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The First Assassin Paperback – September 14, 2010
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Amazon Exclusive: A Q&A with John J. Miller
Question: What initially inspired you to write The First Assassin?
John J. Miller: I’m a fan of thrillers and wanted to try to write one. The backdrop of Washington, D.C. in 1861, just as the Civil War was getting underway, seemed like an excellent setting for the right kind of plot. Once I had the idea for a story about a mysterious hitman who tries to murder Abraham Lincoln at the start of his presidency, The First Assassin became a book that I was determined to write.
Question: What other authors or books have influenced your writing?
John J. Miller: Frederick Forsyth. Among thriller writers, he’s the king. I’m also an admirer of Robert Harris, Ken Follett, Charles McCarry, Philip Kerr, Dan Simmons, Bernard Cornwell, and many others. This could be a long list.
Question: Your fellow author Robert Ferrigno has proclaimed that "there’s not a false note in the whole book." What kind of research did you do ensure historical accuracy in your historical novel?
John J. Miller: I’m a Civil War buff who grew up reading my fellow Michigan native Bruce Catton as well as many other historians. That experience provided a lot of background knowledge that’s just warehoused in my head. To write The First Assassin, however, I had to learn a lot of specifics. I made regular treks to the Library of Congress which, for many years, was right across the street from my office. What did the White House look like in 1861? Where was Washington’s seediest neighborhood? How did ordinary people respond to the fall of Fort Sumter? There are answers to all of these questions and I tracked them down in half-forgotten books and old newspapers on microfilm. My goal was to tell an exciting story that’s fictional--but one that also feels authentic, true to its time and place.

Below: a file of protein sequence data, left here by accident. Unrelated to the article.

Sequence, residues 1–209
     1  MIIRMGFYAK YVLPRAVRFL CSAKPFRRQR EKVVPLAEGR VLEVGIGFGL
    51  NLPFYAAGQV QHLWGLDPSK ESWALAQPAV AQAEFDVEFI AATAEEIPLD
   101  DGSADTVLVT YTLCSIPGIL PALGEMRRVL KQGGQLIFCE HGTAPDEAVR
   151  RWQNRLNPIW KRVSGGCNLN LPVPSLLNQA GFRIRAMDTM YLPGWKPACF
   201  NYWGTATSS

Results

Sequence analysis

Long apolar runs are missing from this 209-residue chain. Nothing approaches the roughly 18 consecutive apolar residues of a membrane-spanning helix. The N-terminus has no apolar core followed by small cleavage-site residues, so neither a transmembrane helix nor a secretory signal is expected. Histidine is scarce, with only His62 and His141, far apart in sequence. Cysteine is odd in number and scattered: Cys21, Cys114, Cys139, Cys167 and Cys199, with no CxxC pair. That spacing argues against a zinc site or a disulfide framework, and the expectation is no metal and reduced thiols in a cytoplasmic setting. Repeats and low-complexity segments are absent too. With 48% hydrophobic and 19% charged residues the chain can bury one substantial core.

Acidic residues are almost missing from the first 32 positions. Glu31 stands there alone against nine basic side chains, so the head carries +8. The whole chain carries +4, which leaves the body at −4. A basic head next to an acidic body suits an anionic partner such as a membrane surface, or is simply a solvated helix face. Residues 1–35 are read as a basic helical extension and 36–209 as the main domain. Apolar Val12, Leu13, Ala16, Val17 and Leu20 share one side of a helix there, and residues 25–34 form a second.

Question: Is there a character in the book you most identify with or admire? Why?
John J. Miller: I like Colonel Rook, the main protagonist. He’s charged with presidential security. He’s a Union man but not a Lincoln man--he didn’t vote for Abe and has some questions about whether this prairie lawyer is the leader America needs at its moment of crisis. He also knows his duty and he’s willing to risk insubordination to perform it.
Question: You’re also a respected nonfiction writer. What prompted your foray into fiction?
John J. Miller: I’m a fan of the form--an old English major who secretly wanted to write an entertaining thriller, even as I was trying to build a career as a journalist. When the idea of The First Assassin came to me, I couldn’t resist.
Question: How does this book compare to your previous books?
John J. Miller: The obvious difference is that it’s fiction. But there’s an important similarity as well: it dives into American history and tries to bring the past to life.
Question: In your "day job" you write for the Wall Street Journal and National Review. Have you always wanted to write? What other careers have you pursued?
John J. Miller: I think so. I certainly enjoyed it as a kid. I worked on newspapers in high school and college. Several potential career paths have presented themselves to me, but I’ve always come back to writing. A few years ago, I spoke about the writing life at a middle school career day--and then turned my remarks into a short article.
Question: What's next for you?